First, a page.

It's been closed for renovations and upgrades since 2013, but on Sunday, the Large Hadron Collider powered on with no sign of complications, and successfully carried two proton beams, fired in opposite directions, around its 27km circumference.

Above: The New and Improved LHC, with numerical callouts designating the particle accelerator's upgrades - click to enlarge. Via CERN: 1) New magnets 2) Stronger connections 3) Safer magnets 4) Higher energy beams 5) Narrower beams 6) Smaller but closer proton packets 7) Higher voltage 8) Superior cryogenics 9) Radiation-resistant electronics 10) More secure vacuum | Image Credit: Dominguez, Daniel; Brice, Maximilien; De Melis, Cinzia

“After two years of effort, the LHC is in great shape,” CERN Director for Accelerators and Technology, Frédérick Bordry, said of the particle accelerator's recent upgrades, in a statement. “But the most important step is still to come when we increase the energy of the beams to new record levels.”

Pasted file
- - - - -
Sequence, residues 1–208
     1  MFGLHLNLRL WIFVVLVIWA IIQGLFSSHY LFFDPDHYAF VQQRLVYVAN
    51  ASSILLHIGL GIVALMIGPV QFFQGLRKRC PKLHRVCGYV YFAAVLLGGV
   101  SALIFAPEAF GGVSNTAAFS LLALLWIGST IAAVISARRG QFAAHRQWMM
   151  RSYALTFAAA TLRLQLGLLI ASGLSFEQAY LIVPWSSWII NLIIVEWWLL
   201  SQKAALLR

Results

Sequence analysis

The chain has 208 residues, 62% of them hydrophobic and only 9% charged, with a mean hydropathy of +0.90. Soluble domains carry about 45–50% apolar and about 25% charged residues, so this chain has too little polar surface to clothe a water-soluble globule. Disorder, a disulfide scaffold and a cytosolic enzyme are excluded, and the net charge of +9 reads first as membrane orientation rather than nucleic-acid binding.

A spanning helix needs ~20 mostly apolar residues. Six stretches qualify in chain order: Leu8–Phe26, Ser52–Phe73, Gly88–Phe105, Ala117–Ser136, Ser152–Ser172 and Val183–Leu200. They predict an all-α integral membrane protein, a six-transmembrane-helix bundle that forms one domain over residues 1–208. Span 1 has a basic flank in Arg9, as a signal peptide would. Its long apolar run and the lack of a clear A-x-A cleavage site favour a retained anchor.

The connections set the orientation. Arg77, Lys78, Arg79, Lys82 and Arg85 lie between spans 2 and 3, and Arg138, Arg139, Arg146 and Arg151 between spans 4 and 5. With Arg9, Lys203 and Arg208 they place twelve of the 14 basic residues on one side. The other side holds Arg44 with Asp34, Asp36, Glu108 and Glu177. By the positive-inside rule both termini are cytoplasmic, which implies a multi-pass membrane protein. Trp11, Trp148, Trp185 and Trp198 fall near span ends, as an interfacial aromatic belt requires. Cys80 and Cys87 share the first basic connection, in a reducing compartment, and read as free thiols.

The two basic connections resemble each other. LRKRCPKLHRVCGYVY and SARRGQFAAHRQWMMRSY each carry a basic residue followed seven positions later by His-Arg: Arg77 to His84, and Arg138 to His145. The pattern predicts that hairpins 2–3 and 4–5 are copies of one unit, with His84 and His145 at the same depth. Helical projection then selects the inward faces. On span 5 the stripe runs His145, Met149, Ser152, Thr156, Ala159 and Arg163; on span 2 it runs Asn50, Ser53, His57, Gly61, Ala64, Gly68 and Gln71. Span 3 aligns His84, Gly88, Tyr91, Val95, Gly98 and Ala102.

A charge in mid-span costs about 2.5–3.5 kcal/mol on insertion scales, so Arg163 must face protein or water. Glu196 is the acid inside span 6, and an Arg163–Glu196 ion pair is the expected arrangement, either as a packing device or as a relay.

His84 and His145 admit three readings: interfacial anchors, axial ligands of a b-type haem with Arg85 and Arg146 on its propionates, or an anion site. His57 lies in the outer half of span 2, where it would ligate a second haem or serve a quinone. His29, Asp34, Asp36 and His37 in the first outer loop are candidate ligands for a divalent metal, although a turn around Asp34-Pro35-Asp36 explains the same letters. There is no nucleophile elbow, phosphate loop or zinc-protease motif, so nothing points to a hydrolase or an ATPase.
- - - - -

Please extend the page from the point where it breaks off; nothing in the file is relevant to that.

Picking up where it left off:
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Sunday's beams circulated at a relatively tame injection energy of 450 GeV, but the LHC is now equipped to operate at an energy of 6.5 TeV per beam (nearly double the per-beam maximum prior to 2013's shutdown. If things go according to plan, CERN scientists say they'll be conducting 13 TeV proton-proton collisions before summer:

The Brout-Englert-Higgs mechanism, dark matter, antimatter and quark-gluon plasma are all on the menu for LHC season 2. After the discovery of the Higgs boson in 2012 by the ATLAS and CMS collaborations, physicists will be putting the Standard Model of particle physics to its most stringent test yet, searching for new physics beyond this well-established theory describing particles and their interactions.The LHC’s second run began with the introduction of a proton beam into the 17-mile ring. A short while afterward, a second beam, traveling opposite the first, was introduced. These two beams will continue to circulate; by summer CERN staff hope to double the beams’ energy being to the output of its first run. By summer, scientists hope to start colliding beams.

More via CERN and BBC.


Contact the author at rtgonzalez@io9.com.

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